Now, another element is cultural change. It's very difficult getting that buy-in we really need to think about it though, in the design of your management system, from the employee’s perspective.
Natural human tendency is that we resist change, we don’t like change that much. I've often seen organisations implement a management system process, incident reporting, for example, as a brand-new process without thinking whether the existing process has some value. Can we integrate that into the newer incident reporting process, so that effectively there is less change that the workforce has to get used to?
Just think about it from the workforce’s perspective.
If we implement a technically very complicated process or management system, you'll get more resistance to change.
If people have been involved, if people have been consulted, and we really understand that people don't like change, and are really looking at ways of minimizing some of the complexity of our system and reflecting current practice as much as we can, this will also help you minimize that resistance to change.
Chris, FQM, United Kingdom
As a leader, focusing on a bottom-up approach is probably one of the best ways to get a bit of energy into your management system across your workforce.
Deploying that also through your management team, and supervisors to help them engage more with the workforce, using toolbox talk as a two-way communication method.
Using communication methods to feedback, on observations, on statistics that you gather. Not thinking that that management system is there just simply to feed up information to the management team and the leadership team, but actually give that information back.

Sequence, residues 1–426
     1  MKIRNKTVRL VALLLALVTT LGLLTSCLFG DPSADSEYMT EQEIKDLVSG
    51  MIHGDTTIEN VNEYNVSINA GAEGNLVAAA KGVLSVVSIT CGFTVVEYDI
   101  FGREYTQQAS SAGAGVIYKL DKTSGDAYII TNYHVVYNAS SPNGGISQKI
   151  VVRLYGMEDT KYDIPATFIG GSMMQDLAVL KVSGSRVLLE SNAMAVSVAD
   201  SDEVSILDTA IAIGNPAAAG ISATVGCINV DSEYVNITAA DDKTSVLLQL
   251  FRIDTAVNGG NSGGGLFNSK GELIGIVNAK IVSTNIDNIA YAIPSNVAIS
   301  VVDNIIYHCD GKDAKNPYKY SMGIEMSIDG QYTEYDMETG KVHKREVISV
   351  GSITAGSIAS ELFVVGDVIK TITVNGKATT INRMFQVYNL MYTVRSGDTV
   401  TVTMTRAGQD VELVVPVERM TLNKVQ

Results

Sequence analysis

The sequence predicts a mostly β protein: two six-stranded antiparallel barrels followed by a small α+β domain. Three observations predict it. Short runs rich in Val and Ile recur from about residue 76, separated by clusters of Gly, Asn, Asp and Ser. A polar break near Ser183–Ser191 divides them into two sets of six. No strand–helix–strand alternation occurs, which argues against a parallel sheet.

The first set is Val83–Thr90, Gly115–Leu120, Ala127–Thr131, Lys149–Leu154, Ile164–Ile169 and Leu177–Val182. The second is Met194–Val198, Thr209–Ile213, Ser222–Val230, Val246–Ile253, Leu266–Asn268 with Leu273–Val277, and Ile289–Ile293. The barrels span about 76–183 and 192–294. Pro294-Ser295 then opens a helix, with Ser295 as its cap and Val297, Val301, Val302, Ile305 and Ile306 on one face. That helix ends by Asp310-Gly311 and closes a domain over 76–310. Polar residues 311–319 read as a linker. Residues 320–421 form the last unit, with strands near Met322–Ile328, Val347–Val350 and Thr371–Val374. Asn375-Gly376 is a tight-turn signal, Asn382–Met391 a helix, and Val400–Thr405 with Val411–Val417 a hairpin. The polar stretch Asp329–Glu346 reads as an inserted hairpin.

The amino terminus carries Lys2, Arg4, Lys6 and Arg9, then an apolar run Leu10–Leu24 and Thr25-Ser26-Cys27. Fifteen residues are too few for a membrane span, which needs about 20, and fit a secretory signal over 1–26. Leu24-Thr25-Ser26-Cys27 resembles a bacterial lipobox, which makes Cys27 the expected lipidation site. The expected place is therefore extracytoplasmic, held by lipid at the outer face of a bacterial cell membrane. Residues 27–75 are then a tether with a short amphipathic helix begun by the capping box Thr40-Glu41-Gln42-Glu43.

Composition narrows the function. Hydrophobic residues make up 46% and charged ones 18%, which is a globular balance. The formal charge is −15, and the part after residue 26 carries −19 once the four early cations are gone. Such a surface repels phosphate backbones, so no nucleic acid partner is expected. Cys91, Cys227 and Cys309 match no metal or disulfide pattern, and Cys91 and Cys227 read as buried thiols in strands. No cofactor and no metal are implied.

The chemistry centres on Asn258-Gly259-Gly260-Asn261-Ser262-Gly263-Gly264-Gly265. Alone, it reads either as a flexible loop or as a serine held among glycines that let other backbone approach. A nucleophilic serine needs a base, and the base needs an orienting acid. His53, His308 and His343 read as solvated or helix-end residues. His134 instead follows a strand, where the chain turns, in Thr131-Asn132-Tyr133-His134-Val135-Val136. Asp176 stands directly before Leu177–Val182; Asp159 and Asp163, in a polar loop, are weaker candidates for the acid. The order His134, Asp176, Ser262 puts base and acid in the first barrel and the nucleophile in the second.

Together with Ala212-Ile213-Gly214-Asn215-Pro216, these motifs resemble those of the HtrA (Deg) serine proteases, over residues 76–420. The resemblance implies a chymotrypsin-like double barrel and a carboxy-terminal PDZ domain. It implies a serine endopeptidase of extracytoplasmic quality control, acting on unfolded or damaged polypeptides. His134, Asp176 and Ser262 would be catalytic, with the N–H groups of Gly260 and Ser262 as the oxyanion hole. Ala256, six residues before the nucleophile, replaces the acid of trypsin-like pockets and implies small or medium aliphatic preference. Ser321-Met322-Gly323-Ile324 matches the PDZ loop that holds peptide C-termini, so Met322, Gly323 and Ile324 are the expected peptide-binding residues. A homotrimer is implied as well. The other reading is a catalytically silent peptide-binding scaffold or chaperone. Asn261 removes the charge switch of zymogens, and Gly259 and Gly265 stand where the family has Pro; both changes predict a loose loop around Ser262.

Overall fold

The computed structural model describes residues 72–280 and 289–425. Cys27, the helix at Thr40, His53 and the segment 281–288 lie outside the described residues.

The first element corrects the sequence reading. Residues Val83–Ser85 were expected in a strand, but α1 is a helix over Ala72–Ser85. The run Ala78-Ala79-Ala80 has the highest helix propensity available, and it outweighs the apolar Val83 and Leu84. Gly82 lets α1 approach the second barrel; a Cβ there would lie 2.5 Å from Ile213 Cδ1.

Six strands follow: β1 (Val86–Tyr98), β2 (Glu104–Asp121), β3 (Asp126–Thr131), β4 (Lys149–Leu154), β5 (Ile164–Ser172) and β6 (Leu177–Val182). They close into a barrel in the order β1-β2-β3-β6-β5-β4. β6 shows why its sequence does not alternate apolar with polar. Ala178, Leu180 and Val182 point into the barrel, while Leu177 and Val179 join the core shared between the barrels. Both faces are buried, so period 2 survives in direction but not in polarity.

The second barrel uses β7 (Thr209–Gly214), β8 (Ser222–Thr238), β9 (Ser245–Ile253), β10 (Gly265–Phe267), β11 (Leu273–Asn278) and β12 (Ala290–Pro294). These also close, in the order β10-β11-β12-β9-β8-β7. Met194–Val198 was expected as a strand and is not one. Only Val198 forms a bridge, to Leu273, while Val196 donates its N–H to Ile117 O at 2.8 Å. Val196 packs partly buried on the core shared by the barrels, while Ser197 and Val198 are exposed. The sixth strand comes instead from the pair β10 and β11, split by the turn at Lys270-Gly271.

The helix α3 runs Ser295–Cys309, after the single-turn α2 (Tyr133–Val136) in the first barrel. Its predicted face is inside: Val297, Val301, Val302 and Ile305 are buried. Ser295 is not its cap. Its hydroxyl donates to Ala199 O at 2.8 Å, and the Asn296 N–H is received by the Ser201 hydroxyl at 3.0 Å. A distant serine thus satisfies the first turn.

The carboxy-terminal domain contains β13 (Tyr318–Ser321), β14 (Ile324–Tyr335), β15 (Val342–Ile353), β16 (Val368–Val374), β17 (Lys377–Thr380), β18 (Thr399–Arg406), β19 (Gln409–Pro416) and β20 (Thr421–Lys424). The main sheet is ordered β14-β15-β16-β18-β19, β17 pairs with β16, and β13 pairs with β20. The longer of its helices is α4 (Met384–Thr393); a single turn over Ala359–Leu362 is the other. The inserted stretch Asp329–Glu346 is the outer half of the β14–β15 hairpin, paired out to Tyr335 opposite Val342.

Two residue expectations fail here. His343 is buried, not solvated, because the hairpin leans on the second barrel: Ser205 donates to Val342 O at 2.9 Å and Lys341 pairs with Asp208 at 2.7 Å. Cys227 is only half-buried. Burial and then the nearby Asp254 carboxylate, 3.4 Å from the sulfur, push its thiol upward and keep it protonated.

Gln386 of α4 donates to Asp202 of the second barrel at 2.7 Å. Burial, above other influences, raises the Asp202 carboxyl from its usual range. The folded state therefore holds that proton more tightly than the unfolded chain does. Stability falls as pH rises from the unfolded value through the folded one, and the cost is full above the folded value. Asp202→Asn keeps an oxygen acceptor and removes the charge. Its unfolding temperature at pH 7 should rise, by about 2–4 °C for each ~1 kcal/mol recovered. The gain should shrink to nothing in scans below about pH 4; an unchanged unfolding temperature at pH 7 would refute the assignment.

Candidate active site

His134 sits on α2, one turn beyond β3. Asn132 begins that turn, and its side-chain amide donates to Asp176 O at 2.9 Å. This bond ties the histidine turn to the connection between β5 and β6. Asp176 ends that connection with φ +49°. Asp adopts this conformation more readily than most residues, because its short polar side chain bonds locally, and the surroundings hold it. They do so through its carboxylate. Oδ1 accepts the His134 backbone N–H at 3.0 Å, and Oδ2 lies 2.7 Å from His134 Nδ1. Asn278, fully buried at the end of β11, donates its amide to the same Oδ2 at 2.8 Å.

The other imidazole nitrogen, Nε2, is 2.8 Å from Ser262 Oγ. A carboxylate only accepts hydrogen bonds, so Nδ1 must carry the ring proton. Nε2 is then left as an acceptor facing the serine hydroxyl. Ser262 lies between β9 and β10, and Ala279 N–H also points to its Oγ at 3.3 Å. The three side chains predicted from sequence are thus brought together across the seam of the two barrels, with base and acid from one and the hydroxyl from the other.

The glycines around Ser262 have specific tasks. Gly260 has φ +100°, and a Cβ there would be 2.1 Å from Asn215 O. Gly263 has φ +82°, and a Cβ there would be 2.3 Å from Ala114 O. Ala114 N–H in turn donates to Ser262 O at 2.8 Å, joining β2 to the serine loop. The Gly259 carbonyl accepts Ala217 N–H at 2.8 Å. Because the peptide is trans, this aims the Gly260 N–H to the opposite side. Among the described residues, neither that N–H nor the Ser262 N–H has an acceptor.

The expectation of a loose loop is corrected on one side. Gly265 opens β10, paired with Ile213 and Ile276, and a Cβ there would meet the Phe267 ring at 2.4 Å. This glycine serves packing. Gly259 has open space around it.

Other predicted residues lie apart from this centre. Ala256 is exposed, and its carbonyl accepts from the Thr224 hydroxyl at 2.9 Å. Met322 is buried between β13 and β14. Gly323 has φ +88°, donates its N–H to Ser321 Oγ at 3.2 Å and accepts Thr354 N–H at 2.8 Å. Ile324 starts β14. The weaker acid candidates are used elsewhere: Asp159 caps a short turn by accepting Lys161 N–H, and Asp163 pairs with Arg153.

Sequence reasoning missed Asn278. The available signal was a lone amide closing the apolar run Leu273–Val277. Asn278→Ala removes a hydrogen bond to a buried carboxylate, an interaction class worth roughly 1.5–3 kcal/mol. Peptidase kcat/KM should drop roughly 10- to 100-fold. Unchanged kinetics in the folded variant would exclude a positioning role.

Show positive energy in what you're doing, to get that commitment from your workforce, go out there and speak to them.
Good leaders are very, very good communicators. That's one key area that any leader can instill on his management team to:
- Try and engage more with the workforce.
- Try and get them working in the system.
- Try and get them improving the system.
Rather than being a top-down approach, it’s a bottom-up approach.
So, the people on the shop floor, the people delivering the work, are the guys which are driving the system, suggesting the improvements, making note of changes that have to occur, etc.
Michael, Momentum Safety and Ergonomics, Australia
I remember, back a good few years ago now, there was a study done on construction workplaces, and it was looking at safety leadership, and they were looking at the things that made for a successful system.
Two key things were obviously:
- Leadership commitment and
- Employee involvement.
The things that drove the employee involvement the most, were - and I have said this in the previous answer - actually a visible involvement in the management of health and safety. And that would carry across other management systems as well.
It wasn't just that management supported the toolbox talk and helped maybe, devise elements that would go into the toolbox talk.
The big difference was when the management occasionally came down and did the toolbox talk or was at least supportive and involved in the toolbox talk.
I think it's that visible, active involvement in the system that will help really drive that employee engagement.
Sean, Kaizen Consulting, New Zealand
Offer solutions, probably the best one, when I would record the employees’ suggestions in the system.
You can categorize it, as an example; it could be a ‘just do it’ category. Where the impact of it is within that area or teams review, or Management Review. Then take all those Management Review improvements to the management team.
In terms of the performance evaluation, the KPIs that the system provides in terms of trends and a number of issues or safety concerns that are being recorded, performance evaluation by the management team is quite important.
And the feedback coming back to the employees is essentially the most important part.
- Trust and Communication are vital to achieving employee commitment to the management system.
- If employees feel valued, they will contribute and be engaged with the system.
- Involve your workforce so that they understand the importance and the benefits of the management system.
- Visible active involvement by all levels of management will help drive employee engagement.
- Leadership and Commitment Procedure - Clause 5.1